Maybe the last few drops spoiled somehow. A logical, legitimate reason. She’ll toss out the remaining elixir and make a new batch.
From the tiny herb garden in her kitchen, she snips two amaratho leaves, for courage and longevity, tugs a few anithos seeds free, for protection, and slices off a bit of daphni, for purification. She grinds them together with a mortar and pestle until her wrist aches, switches hands, and keeps working until the mixture is fine.
Using a small funnel, she pours the powder into the vial, and adds purified water infused with lygos. A poetic bit of irony; in days of old, it was used to calm sexual appetites. Finally, she adds three drops of an oil nicknamed Tears of the Lonely.
She pours the elixir into a vial and shakes it until everything blends. It took her years to get the mixture just right, but now she could make it in her sleep.
It needs to sit for twenty-four hours before she can take it. Luckily, she doesn’t have anywhere to go and her apartment walls are safe. Inside, she doesn’t need her disguise.
She doesn’t bother with a towel on her head. She doesn’t pray. Just drops the elixir on her tongue. She welcomes the pain that rushes in, just as she welcomes the hag in the mirror when it’s done.
She breathes heavily, relieved enough to ignore the serpents and the words they whisper.
But the next morning, the hag is gone. The woman in the bathroom is young. Beautiful. A face she knows. A face she hates.
She stands in front of the bathroom mirror, one hand on her cheek, unable to move, unable to think. It’s not possible.
A serpent slips free from the towel. Breathes on her cheeks. Whispers.
The spell breaks and she backs away from the mirror with her hands covering her ears.
“Stop it, stop it, stop it.”
Of course it was her fault. She must not have used enough. She shoves the serpent back beneath the towel and races into her bedroom. Another drop of elixir. Another welcome bite of pain. Another mask of age spots and wrinkles.
Beneath the towel, the serpents stir.
Once again, the hag is gone come morning.
Perseus came to her the week before she left. He reached for her cheek and said nothing when she pulled away. Then he offered marriage. She laughed, thinking it a joke.
Never mind that he had a half-dozen other women fawning all over him, including Athena. Any one of them would’ve jumped at the chance to be his wife. He was good looking—Medi had to give him that—but he knew it and never let anyone forget it.
The hesitant smile on his face vanished. His jaw clenched. She tried to explain the why, but he wasn’t interested and with each word from her lips, his anger grew. No, it was more than anger. It was rage. And his parting words?
“As if anyone else would ever want you now.”
Medi’s hand shakes as she removes the stopper from the vial, but after the drop touches her tongue, there is no pain. No change. She bites back a sob.
In the kitchen, she checks all the plants. No signs of rot or infestation of any kind. The water infusion smells fine, as does the oil. Tears slip from her eyes as she makes another batch. She knows she didn’t make any mistakes before. She knows it as sure as she knows her own name.
Still, she grinds the herbs until her fingers are numb from the effort.
Twenty-four hours later, Medi perches on the edge of her sofa, the vial on the coffee table. The museum sent an email, requesting that she come in to look at some recently discovered documents. She asked for photographs, but they were beyond illegible.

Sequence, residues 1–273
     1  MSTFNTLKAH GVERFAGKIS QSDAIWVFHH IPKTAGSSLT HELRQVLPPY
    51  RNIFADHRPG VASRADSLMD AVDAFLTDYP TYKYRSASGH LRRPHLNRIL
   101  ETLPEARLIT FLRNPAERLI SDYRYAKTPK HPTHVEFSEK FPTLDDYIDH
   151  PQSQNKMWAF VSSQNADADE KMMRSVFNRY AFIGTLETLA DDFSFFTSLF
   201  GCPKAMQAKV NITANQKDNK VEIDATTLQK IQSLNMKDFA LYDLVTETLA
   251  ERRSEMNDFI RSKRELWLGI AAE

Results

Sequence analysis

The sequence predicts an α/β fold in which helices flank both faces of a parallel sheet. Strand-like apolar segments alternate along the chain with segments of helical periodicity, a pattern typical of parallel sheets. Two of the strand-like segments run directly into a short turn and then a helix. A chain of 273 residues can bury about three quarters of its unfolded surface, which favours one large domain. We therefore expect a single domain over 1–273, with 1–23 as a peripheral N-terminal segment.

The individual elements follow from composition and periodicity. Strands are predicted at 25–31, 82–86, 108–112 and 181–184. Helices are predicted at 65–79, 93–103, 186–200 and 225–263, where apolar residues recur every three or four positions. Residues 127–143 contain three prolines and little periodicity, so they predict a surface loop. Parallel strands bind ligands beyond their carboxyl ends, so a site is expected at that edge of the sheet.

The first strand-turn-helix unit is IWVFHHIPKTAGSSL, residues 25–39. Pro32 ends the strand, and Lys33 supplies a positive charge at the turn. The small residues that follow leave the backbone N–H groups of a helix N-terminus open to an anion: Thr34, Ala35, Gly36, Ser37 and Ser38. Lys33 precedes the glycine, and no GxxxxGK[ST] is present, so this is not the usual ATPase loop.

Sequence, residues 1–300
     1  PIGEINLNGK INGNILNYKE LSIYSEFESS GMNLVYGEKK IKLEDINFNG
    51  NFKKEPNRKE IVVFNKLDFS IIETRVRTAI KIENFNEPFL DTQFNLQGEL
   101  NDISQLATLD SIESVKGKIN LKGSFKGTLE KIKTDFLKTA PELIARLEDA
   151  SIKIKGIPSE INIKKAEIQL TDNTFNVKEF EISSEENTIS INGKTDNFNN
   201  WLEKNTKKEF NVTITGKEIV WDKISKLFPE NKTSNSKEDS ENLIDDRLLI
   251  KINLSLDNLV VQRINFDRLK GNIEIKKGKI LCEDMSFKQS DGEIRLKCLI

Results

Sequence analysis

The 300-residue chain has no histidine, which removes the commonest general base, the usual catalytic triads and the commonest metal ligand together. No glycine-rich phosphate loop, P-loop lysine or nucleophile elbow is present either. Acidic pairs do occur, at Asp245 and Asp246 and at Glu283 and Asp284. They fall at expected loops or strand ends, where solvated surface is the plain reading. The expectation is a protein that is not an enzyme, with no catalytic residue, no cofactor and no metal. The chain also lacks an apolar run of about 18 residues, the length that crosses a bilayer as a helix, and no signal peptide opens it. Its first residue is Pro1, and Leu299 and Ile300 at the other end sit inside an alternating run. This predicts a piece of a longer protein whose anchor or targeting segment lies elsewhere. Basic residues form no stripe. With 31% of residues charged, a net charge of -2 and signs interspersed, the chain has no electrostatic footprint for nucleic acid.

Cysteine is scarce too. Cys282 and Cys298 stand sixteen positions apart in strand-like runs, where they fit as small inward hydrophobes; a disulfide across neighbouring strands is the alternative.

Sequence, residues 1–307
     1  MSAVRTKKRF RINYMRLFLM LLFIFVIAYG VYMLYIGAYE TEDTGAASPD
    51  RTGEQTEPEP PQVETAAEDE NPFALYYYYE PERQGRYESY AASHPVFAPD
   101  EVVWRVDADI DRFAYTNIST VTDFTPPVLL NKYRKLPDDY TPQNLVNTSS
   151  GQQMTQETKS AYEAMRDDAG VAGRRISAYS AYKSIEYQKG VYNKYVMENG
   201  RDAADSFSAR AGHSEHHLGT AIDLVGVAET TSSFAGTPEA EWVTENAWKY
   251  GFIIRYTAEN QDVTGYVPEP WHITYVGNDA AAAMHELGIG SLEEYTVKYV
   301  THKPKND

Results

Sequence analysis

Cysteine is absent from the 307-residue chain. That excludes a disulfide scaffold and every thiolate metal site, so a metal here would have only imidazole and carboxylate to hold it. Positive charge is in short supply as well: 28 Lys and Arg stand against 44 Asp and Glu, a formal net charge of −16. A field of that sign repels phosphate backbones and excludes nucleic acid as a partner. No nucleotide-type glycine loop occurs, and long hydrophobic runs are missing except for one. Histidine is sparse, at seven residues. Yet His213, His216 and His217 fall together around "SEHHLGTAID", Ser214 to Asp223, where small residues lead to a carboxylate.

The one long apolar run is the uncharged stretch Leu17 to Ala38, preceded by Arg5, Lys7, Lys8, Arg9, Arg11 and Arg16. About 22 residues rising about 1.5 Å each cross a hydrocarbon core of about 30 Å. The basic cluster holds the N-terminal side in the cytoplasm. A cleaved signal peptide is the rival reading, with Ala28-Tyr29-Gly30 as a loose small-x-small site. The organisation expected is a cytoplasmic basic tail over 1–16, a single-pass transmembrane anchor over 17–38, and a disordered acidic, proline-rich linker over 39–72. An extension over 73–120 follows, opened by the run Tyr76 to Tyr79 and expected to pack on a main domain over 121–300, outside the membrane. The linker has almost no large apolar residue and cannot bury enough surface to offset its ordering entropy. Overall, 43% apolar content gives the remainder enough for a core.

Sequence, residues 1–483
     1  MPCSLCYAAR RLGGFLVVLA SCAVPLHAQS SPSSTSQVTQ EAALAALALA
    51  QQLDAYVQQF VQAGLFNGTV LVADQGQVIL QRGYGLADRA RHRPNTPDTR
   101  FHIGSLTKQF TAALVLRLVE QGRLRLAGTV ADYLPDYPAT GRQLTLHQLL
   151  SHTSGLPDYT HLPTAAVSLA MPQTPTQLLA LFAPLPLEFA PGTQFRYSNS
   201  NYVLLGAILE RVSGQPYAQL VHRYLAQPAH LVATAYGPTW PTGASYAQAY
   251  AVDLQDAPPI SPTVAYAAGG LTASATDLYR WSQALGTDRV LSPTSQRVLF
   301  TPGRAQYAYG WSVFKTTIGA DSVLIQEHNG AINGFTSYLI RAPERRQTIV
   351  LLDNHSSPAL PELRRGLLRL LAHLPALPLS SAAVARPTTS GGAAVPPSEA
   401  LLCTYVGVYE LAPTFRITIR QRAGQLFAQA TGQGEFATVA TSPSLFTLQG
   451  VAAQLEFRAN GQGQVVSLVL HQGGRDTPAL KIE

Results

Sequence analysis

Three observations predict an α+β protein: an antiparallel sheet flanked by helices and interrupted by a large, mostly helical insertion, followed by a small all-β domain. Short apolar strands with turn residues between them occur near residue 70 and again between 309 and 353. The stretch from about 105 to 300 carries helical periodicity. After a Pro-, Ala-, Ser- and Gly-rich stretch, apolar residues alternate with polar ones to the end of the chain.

She picks up the vial. If she wants this assignment, she’ll have to go, and she needs the money. She pulls the stopper free.
“Please work. Please, please work.”
One drop on her tongue.
She drains the contents. Pain rips through her belly, but she doesn’t feel her skin change and when she holds out one hand, the flesh is still smooth.
“No, no, no!”
She hurls the vial across the room. Shards of glass rain down on the floor when it shatters against the wall. She shrieks into her palms.
She can’t go to the museum. She can’t go anywhere at all.
She gets up, wipes the tears from her cheeks with angry swipes of the back of her hand, and stalks into the kitchen. Pulls out the herbs, the water, the oil. Grinds and pours and mixes and waits.
It doesn’t work.
She buries her face in a pillow so the neighbors won’t hear her cries.
As she crawled away from Poseidon, with tears on her face, blood on her thighs, and bruises on her arms, she saw Athena standing near the temple entrance, her arms crossed over her chest. Medi whispered and to this day she cannot remember what she said. “Help,” or perhaps she simply said Athena’s name.
But she will never forget the words that spilled from Athena’s mouth. Never. The serpents remind her every single day.
She ignores the museum’s emails. Their phone calls. She paces; the serpents slip and slither through her curls. She feels their breath on her cheeks; knows the whispers aren’t far behind.
(Would that Athena had cursed her with the true face of a hag instead of this, but that would have been a kindness. And that wasn’t Athena’s style.)
She takes a deep breath. And another. Everything will be fine. It will. She won’t panic. She grabs her sunglasses and stands at the door for a long time. How long has it been since she went out into the world with her real face exposed on purpose? Years—many, many years.
I can do this, she thinks.
She has to. A quick trip to the shop for fresh herbs and oil. Maybe she can experiment with the mixture a bit. After so many years, perhaps she’s built up a tolerance and now she needs to add something else.
She puts her hand on the doorknob. Maybe it won’t be so bad. Takes her hand away. Maybe she shouldn’t go out. Does she really have to go? But if not, then what?
Maybe she should order what she needs online and pay for overnight shipping; then she won’t—
“I can do this,” she whispers, tugging her scarf tighter.
Between the scarf, the sunglasses, the shapeless clothes, it has to be safe. The shop is only a few blocks away. Her heart races as she steps outside.
At the end of the street, she passes a group of men. They’re speaking loudly. Laughing. She doesn’t like the edge of their laughter. It’s hard. Like a fist, like the words bitch and cunt. Her back goes straight, her mouth dry.
The serpents stir. She takes a deep breath. Walks past with eyes down. Don’t look at me, don’t look at me, she thinks, but she feels their gazes crawling all over her back as if she were wearing nothing more than stiletto heels and a smile.
But they don’t follow. They don’t say a word. She turns the corner. Passes a woman in a business suit who gives her a quick nod. Another woman, younger, this one busy with her cell phone. Then a man emerges from a doorway, but he passes by without looking as well. She allows herself a small smile. Not much farther now.